• Foundations of counseling - CPCE 5010
  • Group counseling - CPCE 5110
  • Introduction to School Counseling—CPCE 5815
  • Multicultural counseling - CPCE 5810
  • Advanced Multicultural Counseling - CPCE 6810
  • Advanced Abnormal Psychology - CPCE/EPSY 6250
  • School-based Developmental Counseling—CPCE 6230

My Research Interests:

  • Counseling Psychology: Cross-Cultural Counseling and Psychotherapy
  • Cultural Competence and Cultural Responsiveness
  • Curriculum Development in Counseling and Counseling Psychology
  • Women - Psychology of Women, Women and Power, Abused Women
  • Refugees and Immigrants: Adjustment issues
  • Role and Function of School Counselors
  • Critical Issues in the Schools: Drug and Alcohol Abuse, Suicide, Violence.

My Hobbies:

In whatever spare time I have, I like to paint with oil and acrylics. I love to look at and capture the constantly changing beauty of nature. This and reading is my biggest relaxation. I also love dancing and hiking and I wish I had more time to spend on these activities but I am usually found working away on yet another project that consumes me day and night.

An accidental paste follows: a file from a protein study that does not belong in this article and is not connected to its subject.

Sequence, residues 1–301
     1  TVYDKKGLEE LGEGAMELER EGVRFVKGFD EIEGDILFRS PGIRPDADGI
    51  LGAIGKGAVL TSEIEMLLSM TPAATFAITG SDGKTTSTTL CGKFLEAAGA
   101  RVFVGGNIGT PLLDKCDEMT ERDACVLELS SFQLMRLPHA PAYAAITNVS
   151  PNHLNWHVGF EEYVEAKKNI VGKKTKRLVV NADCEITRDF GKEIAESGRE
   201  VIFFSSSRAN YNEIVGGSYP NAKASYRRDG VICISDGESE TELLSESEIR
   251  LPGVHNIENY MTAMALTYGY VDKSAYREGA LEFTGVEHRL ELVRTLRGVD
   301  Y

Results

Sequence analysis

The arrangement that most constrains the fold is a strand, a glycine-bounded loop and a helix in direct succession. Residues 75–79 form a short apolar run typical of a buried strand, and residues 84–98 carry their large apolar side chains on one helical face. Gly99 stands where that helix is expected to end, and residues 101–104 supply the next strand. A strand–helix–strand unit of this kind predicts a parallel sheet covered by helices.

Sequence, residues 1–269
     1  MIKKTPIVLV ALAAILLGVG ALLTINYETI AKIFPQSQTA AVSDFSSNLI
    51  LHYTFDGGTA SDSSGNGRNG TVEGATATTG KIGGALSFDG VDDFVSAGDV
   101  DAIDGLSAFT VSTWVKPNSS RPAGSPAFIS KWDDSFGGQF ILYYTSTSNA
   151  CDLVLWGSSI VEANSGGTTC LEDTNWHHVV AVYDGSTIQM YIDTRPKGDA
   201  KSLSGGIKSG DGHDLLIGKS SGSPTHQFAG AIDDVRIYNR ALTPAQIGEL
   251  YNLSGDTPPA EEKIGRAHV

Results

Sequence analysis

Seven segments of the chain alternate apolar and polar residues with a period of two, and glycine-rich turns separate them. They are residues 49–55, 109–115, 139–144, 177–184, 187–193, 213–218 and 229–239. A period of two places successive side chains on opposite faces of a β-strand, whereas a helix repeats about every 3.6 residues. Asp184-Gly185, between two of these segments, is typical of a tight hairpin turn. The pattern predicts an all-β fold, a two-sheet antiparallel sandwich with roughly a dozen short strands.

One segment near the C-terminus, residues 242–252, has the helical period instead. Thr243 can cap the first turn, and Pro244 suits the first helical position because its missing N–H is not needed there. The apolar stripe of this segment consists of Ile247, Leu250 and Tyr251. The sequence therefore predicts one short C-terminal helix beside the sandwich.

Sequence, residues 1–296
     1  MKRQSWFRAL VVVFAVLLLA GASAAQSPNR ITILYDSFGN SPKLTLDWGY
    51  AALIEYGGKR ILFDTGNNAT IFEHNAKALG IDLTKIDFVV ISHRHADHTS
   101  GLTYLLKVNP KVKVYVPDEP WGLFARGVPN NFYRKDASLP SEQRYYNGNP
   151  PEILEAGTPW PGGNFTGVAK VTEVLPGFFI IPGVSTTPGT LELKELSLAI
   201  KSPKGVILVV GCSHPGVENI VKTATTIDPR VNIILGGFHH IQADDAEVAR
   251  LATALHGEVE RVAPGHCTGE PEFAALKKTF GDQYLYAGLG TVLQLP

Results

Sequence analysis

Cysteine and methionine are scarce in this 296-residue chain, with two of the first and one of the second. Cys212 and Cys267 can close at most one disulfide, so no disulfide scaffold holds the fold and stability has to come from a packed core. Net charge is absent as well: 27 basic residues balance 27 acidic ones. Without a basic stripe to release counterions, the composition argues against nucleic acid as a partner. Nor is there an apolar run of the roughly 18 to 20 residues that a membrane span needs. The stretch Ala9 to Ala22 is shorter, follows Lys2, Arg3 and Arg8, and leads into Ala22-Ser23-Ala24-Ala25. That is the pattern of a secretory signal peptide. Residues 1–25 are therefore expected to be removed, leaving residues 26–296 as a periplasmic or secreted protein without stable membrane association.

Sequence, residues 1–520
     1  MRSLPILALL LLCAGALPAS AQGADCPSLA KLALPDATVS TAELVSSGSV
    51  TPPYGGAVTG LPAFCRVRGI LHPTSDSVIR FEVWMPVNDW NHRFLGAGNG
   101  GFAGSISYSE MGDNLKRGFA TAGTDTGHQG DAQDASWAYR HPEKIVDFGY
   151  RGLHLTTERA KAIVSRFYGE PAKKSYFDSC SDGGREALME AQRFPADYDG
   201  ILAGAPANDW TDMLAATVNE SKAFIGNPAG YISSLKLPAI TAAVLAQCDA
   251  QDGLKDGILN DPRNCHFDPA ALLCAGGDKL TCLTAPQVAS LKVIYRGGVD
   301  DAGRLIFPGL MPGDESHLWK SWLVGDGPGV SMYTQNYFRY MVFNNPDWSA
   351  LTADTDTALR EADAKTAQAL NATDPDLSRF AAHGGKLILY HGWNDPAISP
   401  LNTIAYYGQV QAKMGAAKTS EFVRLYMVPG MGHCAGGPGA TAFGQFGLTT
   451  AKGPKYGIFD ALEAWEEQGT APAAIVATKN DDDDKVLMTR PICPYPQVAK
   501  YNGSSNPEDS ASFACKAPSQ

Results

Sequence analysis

<< Back to Directory

 

CU Denver School of Education &
Human Development

1380 Lawrence St., Denver, CO 80204 | Map It

University of Colorado Denver

© The Regents of the University of Colorado, a body corporate. All rights reserved.

All trademarks are registered property of the University. Used by permission only.